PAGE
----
Just like Beatriz, Dulce and Miguel, many other elderlies have found in the Palácio do Catete a place for leisure. According to Maria Helena Versian, historian of the Museu da República, every serenade has, on average, 50 participants. Although it is also attended by younger people and even children, most of the audience is aged between 60 and 90 years old.

Decisions as to population aging

The elderly population tends to grow in Brazil in the next decades, as pointed out by the Projection of Population, of the IBGE, updated in 2018. According to the survey, in 2043, a quarter of the population shall be older than 60 years old, whereas the proportion of youngsters of 14 years old will be of just 16.3%. According to the IBGE, demographer Izabel Marri, as of 2047 the population will stop growing, which will contribute to the process of population aging – when the oldest groups are in a bigger proportion in relation to the youngest ones.

The ratio of the percentage of the elderly to that of the youngsters is called “aging index”, which should increase from 43.19%, in 2018, to 173.47%, in 2060. This process can be observed graphically by changes in the shape of the age pyramid through the years, which follows a world trend of base narrowing (except children and youngsters) and body (adults) and top (elderly) broadening.

The demographer comments that the main cause for this aging trend would be the lower number of births each year, that is, the drop of the fertility rate, and also the increase of the Brazilian life expectancy. According to the IBGE Complete Life Tables, people who were born in Brazil in 2017 can reach, on average, 76 years of age. In the projection, those who were born in 2060 can reach 81 years old. Since 1940, life expectancy has increased 30.5 years.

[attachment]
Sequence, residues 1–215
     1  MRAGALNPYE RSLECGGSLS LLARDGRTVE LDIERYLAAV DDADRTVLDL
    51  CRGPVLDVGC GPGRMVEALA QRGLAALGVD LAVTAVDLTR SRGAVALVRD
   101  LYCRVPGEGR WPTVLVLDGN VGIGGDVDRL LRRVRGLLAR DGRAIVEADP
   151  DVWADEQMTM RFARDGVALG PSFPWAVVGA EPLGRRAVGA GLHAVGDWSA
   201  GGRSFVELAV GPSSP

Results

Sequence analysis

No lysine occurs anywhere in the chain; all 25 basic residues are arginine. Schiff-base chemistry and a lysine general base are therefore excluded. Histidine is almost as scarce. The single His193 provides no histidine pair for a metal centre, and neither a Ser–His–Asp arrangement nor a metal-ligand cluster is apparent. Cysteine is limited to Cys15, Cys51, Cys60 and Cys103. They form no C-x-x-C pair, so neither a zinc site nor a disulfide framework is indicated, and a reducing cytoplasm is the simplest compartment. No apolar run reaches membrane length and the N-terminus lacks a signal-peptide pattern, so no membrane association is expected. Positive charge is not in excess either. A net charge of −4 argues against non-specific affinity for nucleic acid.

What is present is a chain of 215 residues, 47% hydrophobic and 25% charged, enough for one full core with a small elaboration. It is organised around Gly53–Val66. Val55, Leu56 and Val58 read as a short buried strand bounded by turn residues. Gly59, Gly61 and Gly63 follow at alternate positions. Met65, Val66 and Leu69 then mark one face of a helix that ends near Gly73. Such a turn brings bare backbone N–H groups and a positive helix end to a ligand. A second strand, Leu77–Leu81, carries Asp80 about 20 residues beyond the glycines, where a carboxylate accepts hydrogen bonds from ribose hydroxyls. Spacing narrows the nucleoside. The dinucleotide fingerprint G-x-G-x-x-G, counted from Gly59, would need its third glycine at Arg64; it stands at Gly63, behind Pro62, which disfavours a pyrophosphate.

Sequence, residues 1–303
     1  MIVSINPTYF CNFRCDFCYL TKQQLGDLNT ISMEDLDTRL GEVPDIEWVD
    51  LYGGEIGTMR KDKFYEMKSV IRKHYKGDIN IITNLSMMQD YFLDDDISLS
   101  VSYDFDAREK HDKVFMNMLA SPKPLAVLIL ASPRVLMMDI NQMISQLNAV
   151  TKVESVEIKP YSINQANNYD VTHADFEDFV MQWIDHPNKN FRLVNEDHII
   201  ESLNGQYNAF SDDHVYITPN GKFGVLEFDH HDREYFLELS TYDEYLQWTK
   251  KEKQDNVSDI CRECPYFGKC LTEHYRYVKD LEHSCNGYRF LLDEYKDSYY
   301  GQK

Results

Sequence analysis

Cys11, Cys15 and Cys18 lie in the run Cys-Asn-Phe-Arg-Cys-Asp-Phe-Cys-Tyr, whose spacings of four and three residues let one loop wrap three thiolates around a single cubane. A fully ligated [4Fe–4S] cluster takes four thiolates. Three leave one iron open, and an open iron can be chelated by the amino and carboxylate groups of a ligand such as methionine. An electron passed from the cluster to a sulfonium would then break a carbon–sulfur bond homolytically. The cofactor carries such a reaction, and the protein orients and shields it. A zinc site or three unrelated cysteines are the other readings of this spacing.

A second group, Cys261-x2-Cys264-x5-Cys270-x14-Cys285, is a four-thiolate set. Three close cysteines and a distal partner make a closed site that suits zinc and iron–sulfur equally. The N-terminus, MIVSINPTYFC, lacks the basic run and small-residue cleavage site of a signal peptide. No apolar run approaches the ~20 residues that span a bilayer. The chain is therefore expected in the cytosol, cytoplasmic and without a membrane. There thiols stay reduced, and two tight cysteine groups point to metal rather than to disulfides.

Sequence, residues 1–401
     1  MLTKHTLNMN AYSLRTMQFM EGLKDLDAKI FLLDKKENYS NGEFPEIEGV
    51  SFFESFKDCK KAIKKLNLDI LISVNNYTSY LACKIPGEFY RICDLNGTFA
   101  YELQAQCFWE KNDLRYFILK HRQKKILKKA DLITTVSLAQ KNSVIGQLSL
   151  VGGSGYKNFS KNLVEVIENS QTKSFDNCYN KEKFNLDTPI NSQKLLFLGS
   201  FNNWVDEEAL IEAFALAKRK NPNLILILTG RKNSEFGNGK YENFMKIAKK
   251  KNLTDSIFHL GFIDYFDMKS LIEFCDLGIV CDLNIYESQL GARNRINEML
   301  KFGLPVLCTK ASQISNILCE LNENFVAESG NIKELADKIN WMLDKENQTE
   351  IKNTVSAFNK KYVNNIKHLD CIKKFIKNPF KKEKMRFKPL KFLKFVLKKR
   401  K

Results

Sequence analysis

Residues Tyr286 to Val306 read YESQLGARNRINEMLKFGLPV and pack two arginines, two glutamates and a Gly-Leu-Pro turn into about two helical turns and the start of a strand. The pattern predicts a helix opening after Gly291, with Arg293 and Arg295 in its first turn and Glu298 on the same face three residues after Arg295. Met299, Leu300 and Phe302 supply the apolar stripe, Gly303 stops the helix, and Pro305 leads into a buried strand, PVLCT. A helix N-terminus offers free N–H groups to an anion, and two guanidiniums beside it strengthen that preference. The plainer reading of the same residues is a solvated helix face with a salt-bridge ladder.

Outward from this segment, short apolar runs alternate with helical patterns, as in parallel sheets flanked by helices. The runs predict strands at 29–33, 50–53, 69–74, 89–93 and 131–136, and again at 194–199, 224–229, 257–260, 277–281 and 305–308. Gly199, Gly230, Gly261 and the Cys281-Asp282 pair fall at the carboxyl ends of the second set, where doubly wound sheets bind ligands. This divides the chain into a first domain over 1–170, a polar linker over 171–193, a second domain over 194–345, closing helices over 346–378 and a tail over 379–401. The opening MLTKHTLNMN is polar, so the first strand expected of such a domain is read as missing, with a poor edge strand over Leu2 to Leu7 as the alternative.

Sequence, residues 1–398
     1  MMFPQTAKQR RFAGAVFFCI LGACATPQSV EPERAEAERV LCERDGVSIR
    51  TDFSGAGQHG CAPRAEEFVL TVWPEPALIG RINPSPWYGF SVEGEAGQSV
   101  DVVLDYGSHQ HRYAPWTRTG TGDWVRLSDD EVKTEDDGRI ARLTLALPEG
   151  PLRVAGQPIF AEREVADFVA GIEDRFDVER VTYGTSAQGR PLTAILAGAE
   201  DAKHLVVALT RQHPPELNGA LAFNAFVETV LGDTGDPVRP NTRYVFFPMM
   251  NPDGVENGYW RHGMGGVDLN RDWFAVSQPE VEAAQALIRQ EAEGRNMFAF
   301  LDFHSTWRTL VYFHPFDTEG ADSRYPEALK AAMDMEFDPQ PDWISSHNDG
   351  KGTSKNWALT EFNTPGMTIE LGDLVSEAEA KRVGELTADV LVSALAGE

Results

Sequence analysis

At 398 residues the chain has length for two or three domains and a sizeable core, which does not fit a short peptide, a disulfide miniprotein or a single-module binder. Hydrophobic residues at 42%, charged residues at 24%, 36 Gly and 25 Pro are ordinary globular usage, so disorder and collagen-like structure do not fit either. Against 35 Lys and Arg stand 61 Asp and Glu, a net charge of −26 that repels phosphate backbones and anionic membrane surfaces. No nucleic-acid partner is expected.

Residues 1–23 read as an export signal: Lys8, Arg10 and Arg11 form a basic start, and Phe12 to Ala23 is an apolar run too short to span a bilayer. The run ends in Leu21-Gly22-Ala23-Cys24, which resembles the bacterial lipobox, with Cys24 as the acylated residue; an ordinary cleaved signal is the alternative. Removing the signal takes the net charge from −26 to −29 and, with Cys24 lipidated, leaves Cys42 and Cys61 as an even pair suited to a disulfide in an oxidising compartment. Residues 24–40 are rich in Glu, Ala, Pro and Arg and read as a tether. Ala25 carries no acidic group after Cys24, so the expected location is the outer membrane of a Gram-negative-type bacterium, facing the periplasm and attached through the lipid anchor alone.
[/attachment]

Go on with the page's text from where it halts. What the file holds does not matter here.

Also, according to the PNS, 17.3% of the elderly presented functional limitations to carry out the Instrumental Activities of Daily Living (IALDs), which are tasks such as going shopping, managing finances, taking medicine, using transportation means, using the phone and carrying out domestic chores. The proportion increases to 39.2% among those aged 75 and over.

However, good health is also a presupposition for people. Simone Wajnman, professor of demography at the Federal University of Minas Gerais (UFMG), reminds us that in Brazil elderly workers come from a time when studying was the privilege of an elite and, therefore, they have low levels of schooling. "What we see today in the Brazilian market is that those who are more likely to continue working at older ages are the ones who have more schooling, who carry out occupations that do not depend on physical strength," he says.

One of the initiatives in the labor market around the world, reported by Simone, is the allocation of the elderly in public service areas, or in other functions that require a more experienced and responsible professional. She believes that the possibility of reducing or relaxing the working day for these people is also a solution. Discussions on initiatives and public policies for the elderly should also take into account that this population is not homogeneous.

Read the full article in the Retratos Magazine - Retratos nº 16.


Keywords: Idosos, Saúde, Longevidade